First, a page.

In times of change, when is it best to solicit employee feedback?Start by asking yourself – and your leadership team – two questions:
- Do you care what your employees think?
- Does it matter what your employees think?
Should you be concerned about getting negative feedback from employees?Realize you’re always going to get negative feedback. And in a time of great challenge, you will probably get more of it. But you’re also likely to receive some really inspiring positive feedback. People will step up to great challenges as a team. Negative feedback is part of the human condition. You’re going to get some entrenched negative folks who are going to provide that feedback. They’re going to see this challenge as an opportunity to turn up the volume. As a leadership team, your job is to parse through the employee feedback, particularly around unstructured comment feedback. Pick from that what is constructive negative feedback. Also, choose inspiring positive or constructive positive feedback. Then use it to make informed people decisions that factor into your strategy. The negative feedback is always going to be there. You get to choose whether you ignore it or look at it in the proper context.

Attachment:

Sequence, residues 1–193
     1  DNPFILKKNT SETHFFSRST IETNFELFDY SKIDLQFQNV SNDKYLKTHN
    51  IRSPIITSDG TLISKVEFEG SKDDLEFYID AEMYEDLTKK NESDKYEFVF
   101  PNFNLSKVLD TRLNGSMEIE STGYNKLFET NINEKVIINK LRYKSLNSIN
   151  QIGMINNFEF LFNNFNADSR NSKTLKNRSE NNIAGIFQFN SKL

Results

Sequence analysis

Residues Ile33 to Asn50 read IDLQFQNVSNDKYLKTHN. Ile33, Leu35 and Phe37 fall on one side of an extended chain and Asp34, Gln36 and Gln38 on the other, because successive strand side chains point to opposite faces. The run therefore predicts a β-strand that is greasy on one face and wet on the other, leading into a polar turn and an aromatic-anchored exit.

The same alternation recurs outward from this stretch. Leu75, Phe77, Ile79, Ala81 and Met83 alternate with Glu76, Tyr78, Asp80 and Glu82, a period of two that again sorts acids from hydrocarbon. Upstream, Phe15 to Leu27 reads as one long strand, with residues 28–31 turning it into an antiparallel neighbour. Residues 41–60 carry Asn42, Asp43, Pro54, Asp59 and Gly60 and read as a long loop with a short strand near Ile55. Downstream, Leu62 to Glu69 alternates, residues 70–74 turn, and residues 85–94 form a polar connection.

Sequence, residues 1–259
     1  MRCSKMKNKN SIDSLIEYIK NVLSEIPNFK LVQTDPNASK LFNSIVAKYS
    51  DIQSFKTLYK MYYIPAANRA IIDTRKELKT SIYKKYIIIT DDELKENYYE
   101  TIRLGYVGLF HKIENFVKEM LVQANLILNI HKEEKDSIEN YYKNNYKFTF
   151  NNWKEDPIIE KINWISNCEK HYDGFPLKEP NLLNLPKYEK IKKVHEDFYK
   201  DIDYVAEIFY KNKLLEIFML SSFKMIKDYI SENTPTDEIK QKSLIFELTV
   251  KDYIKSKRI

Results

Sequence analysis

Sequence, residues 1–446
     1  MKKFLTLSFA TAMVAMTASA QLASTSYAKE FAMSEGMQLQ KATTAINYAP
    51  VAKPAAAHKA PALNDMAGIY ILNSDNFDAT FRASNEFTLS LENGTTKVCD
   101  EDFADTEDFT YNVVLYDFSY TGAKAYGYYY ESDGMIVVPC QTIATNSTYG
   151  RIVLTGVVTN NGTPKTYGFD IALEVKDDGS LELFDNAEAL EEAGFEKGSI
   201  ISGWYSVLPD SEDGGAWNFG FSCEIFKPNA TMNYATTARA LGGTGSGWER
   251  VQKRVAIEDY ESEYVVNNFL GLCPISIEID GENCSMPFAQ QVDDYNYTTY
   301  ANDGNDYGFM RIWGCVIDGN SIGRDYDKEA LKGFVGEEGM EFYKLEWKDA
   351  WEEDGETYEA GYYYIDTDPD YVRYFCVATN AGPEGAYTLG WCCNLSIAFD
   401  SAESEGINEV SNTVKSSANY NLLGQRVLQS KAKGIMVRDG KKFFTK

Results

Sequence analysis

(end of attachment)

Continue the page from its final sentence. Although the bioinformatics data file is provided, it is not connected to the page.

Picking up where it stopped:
How do you communicate about the feedback you receive?First, it is important that you share the context. Share the areas where your organization scores highest, and also share where you have the greatest opportunities and challenges. You can do it by simply listing out the factors or using a heat map of the organization. Second, it’s really good practice to pick a representative positive comment (or two) that channel the positive energy in the organization and then share it verbatim. Offer one action you’re going to take as a result of that feedback. Choose an action that has company‑wide benefits.
What are some examples of mission-critical insights you can gain from employee feedback?Example 1
Uncovering technology challenges is an example of a relevant insight you can gain through employee feedback. Often, employees on the front line know where there are struggles, but the information doesn’t get up through normal channels. An employee survey surfaces things like this right away.
In a time of great challenge and crisis like we’re experiencing right now, the pressures on new managers are going to be really significant. Often, they don’t want to share that they’re struggling, but the people on the team are aware of it. An employee survey will bring it to light.
Existing managers who work well in less stressful times but are crumbling under the weight of pressure is another example. Use a survey to get that surfaced so that management can take action before it turns into a truly difficult problem. Employee feedback gives you that early warning.